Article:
Nissan’s chief may top Japan pay rankings for fourth time in five years

Comment on this story

Nissan chief executive Carlos Ghosn earned more than $10 million (R106m) last year, putting him on track to become the best-paid Japan executive for the fourth time in five years.

Ghosn was paid a total of ¥995m (R103m) in salary and bonuses for the fiscal year to March, a rise of 0.7 percent from a year earlier, he said yesterday. Including dividends, his total compensation rises to more than ¥1 billion.

Among the few foreigners leading a Japanese firm, Ghosn earned five times what Toyota president Akio Toyoda did in 2012 despite Ghosn running a car maker with about a third the profit. Last year, he steered Nissan to the smallest profit increase among Japanese car makers aside from Daihatsu, hurt by increased US incentive spending and recall costs.

Ghosn, who also heads Renault, was the top-paid boss in Japan in three of the four years since 2010, when the country’s financial regulator began requiring disclosures by publicly traded firms of compensations exceeding ¥100m, Tokyo Shoko Research revealed.

In 2012, Ghosn earned ¥988m, compared with ¥184m for Toyota’s president and ¥145m for Honda president Takanobu Ito.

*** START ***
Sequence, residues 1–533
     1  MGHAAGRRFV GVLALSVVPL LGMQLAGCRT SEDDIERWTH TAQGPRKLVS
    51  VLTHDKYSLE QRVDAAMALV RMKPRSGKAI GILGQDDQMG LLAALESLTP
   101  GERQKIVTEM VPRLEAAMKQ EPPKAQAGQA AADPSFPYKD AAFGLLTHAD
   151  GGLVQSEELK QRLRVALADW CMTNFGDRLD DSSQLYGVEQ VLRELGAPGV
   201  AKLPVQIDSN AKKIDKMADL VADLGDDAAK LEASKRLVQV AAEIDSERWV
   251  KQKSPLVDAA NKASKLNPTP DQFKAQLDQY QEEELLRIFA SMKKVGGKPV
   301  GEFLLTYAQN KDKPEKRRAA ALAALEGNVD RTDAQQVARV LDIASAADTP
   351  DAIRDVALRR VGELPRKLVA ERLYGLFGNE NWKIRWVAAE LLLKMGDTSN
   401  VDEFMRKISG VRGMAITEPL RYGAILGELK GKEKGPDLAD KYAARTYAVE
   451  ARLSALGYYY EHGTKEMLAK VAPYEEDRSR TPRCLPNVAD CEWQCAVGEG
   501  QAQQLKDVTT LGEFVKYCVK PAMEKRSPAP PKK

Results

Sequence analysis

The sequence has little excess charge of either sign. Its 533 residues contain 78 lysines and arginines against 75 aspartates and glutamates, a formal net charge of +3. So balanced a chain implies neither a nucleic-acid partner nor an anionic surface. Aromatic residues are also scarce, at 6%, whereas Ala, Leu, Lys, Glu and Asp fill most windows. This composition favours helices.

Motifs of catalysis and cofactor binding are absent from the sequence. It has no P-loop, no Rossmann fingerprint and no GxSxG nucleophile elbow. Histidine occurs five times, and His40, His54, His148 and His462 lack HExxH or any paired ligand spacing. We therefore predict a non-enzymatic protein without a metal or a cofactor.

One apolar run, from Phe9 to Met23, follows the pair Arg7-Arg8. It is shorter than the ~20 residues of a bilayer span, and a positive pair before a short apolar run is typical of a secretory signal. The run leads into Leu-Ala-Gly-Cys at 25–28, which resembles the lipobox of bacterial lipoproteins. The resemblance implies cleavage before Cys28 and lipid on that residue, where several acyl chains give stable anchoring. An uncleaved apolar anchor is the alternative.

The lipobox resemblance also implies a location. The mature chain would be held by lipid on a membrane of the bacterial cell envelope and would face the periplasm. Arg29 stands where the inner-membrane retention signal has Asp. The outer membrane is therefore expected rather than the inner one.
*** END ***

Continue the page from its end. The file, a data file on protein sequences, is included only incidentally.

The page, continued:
Despite being the best-paid executive of a Japanese firm, Ghosn is out-earned by his peers at US and European car makers. – Bloomberg

sign up

Comment Guidelines

  1. Please read our comment guidelines.
  2. Login and register, if you haven’ t already.
  3. Write your comment in the block below and click (Post As)
  4. Has a comment offended you? Hover your mouse over the comment and wait until a small triangle appears on the right-hand side. Click triangle () and select "Flag as inappropriate". Our moderators will take action if need be.

  5. Verified email addresses: All users on Independent Media news sites are now required to have a verified email address before being allowed to comment on articles. You are only required to verify your email address once to have full access to commenting on articles. For more information please read our comment guidelines